Associate Professor, History, Saint Louis University  -  The Battle for the Catholic Past in Germany, 1945 -1975

Barbara De Marco
Barbara De Marco  |  Abstract
The earliest written histories of the American Southwest are contained in archives in Spain and Mexico. To the extent that this original Spanish documentation has been published, it has been available, for the most part, only in English translation. This is the first Spanish edition of a complete set of documents from the Archivo General de Indias, Seville (AGI Patronato Real, legajo 22, ramo 13), that pertain to Juan de Oñate and the exploration and settlement of "La Nueva Mexico" in the early 1600s. This edition expands on the published translations by Herbert Bolton, Adolph and Fanny Bandelier, and George Hammond and Agapito Rey, and includes a study of the methods of transmission and archival preservation of this essential American history.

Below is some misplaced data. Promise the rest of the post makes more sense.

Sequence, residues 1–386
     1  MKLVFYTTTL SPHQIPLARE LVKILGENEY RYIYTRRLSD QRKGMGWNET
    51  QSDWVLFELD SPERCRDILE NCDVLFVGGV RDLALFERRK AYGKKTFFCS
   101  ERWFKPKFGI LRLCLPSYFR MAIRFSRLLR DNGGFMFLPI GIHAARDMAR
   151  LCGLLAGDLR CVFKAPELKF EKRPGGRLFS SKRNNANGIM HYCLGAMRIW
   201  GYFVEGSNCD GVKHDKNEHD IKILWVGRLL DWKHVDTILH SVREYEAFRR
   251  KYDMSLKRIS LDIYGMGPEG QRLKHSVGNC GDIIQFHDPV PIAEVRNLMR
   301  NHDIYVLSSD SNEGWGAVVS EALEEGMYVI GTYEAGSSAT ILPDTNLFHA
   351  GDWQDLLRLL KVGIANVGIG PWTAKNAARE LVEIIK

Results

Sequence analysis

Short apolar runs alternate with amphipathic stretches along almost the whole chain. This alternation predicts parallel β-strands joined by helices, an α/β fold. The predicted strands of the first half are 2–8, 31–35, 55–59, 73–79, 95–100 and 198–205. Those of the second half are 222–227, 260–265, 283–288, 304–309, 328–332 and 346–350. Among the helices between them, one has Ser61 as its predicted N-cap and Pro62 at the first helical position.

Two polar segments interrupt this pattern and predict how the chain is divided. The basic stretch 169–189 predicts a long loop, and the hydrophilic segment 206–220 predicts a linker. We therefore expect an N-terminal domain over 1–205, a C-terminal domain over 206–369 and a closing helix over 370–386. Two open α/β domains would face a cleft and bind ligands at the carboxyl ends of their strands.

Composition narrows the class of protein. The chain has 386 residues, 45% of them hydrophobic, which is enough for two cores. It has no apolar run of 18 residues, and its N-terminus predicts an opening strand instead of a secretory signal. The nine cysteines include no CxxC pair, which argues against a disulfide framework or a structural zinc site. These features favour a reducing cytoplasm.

Editor, Research Center for Romance Studies, University of California, Berkeley  -  The Paper Kingdom of La Nueva México: Edition and Study of Original Documents in the Archivo General de Indias, Seville, Pertaining to Juan de Oñate

Kirsten Schultz
Kirsten Schultz  |  Abstract
This project examines transformations in understandings of authority, society, and culture in the eighteenth-century Portuguese empire in America, focusing on elite debates about the status of non-European peoples during a period of crisis and reform. Based on print culture, imperial correspondence, and records of local responses to imperial policy, this research will assess changing understandings of governance and the governed as royal officials redefined “conquests” and commercial outposts as “colonies” inhabited by vassals who had privileges and duties; by people who were enslaved and free; and by communities of human beings that encompassed physical, religious, and cultural differences, all of whom had to be brought into the fold of royal authority, “society,” and the imperial economy.

Assistant Professor, History, Seton Hall University  -  From Conquests to Colonies: Authority, Knowledge, and Difference in the Luso-Brazilian Empire, ca. 1700-1800

Brian Donahue
Brian Donahue  |  Abstract